As my recovery continues I have become acutely aware of the challenges that I have in being less abled. I am beginning to do more each day and with that comes more time ventured out in the "community." For starters many "able bodied people" are not even aware of those of us who are "less abled" and they breeze right by without thinking about a heavy door slamming in my face or that I may not have enough balance to side step you and your busy little children who are running around. I am slow, yup, much slower at everything than I was before and that does not seem to fit in our go, go and do more society of people who are wired in and always moving. I hate that I am slow and not the same as I was before, but I have tons of empathy now with everyone else who may be slow and less abled for what ever reason.
Being out in the community presents many challenges. Because I have a disabled parking permit the parking issue has for the most part not been so bad. However, I did not know there were so many people who have these parking permits and many times all of the spots are taken. What issues this presents is I then have to park in a spot that makes it terribly hard to get out of and into may car. I am not suppose to twist and with the compact parking spots that I may be left to navigate try using good techniques to get into or out of one car. Virtually impossible. OK, negative shout out to all public establishments who are not meeting Americans with Disabilities Act (ADA) code for parking or access - You are rude and should not be in business if you cannot have the decency to have the legally required number of accessible parking spots, not to mention an accessible restroom. Yup, there is one "Mexican" restaurant in Monroe, WA that is going to get turned in by yours truly on Monday for their lack of access. Don't mess with a disabled lady who knows as much as most attorneys on this subject. Not smart.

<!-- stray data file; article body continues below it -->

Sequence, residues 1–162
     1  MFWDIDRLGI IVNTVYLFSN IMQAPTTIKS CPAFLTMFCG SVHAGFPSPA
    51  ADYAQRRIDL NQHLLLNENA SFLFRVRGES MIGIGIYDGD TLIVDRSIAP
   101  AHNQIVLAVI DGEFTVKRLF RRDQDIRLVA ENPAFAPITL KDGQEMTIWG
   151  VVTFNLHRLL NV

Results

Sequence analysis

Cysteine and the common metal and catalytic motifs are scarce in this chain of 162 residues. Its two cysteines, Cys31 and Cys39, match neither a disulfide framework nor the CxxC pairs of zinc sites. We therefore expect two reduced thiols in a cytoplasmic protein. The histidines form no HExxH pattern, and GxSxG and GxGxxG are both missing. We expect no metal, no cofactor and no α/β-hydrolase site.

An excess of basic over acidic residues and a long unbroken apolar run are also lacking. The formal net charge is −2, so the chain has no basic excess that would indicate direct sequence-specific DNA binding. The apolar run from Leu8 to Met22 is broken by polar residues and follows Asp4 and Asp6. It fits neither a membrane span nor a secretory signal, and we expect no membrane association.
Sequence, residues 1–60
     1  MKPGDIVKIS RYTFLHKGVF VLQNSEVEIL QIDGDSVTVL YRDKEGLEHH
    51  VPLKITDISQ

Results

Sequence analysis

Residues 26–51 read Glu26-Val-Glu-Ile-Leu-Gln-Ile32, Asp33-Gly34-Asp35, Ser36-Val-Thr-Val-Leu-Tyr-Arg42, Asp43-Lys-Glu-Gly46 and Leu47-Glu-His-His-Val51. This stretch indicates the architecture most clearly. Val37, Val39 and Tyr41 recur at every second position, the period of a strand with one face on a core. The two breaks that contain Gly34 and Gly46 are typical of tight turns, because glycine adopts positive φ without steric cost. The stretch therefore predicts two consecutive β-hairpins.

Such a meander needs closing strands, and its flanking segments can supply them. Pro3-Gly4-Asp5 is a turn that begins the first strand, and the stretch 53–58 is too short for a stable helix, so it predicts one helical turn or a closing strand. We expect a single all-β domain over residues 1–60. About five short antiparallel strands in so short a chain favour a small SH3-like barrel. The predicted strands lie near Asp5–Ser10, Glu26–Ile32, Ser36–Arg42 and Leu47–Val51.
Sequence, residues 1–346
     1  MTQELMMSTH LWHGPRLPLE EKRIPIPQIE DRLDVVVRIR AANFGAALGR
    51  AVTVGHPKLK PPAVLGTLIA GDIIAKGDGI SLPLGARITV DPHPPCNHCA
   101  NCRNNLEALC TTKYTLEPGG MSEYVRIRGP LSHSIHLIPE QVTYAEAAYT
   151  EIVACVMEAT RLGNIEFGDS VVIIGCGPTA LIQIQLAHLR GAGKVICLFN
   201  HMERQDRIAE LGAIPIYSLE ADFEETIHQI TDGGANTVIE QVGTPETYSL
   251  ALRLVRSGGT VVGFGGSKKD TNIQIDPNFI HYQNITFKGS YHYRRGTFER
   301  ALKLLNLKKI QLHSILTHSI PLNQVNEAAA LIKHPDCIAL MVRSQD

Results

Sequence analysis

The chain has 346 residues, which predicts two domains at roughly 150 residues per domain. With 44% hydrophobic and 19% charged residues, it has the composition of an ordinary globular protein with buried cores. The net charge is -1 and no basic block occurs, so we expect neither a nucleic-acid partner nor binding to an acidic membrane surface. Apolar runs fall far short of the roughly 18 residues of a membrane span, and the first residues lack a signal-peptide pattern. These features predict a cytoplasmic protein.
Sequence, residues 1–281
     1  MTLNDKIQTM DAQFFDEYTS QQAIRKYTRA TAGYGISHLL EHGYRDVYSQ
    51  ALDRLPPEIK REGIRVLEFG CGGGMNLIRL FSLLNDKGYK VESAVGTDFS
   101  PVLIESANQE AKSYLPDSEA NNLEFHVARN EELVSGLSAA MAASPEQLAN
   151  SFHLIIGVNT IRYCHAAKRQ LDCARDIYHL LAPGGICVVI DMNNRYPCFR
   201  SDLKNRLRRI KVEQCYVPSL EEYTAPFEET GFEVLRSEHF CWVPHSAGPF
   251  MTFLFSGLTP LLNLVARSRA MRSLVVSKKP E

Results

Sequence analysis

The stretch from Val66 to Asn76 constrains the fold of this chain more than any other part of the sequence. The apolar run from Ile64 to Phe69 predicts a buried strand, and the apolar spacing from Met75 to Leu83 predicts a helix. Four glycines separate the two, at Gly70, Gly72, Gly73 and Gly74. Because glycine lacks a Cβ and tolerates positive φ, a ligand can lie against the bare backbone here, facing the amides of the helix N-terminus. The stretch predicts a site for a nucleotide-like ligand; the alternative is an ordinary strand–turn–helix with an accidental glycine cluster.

Being out in the community gives me a chance to drop things in public and not just at home. I cannot bend over and pick up anything right now so boy do I have to be careful. I dropped some mail when getting it out of the mail box and I had to get real creative with the cane to get it up and into my car or I was going to have to go back to the house and get my grabber device. I have dropped items at stores and find that there is usually someone who will help if you explain the situation. Not great, but it works. For a very independent person like me none of this feels good, but I am sure I am learning tons from this experience or why would I be living through it right? I do live in fear of dropping my car keys and being unable to get to them. I am very, very careful with this as I have that thought running around in my head now that I get to drive again.
The good news is that there are many people like me out in the world, some have had accidents or may have a chronic medical condition, many can recall a different time when life was not so hard. No, we do not all feel sorry for ourselves, yes we do find the best way to get through each day and yes, sometimes we drop things that we can't pick up.
Lesson Number 8 - At least once each week take the time to help someone without being asked to do so. You will be paying it forward with your thoughtful and generous spirit.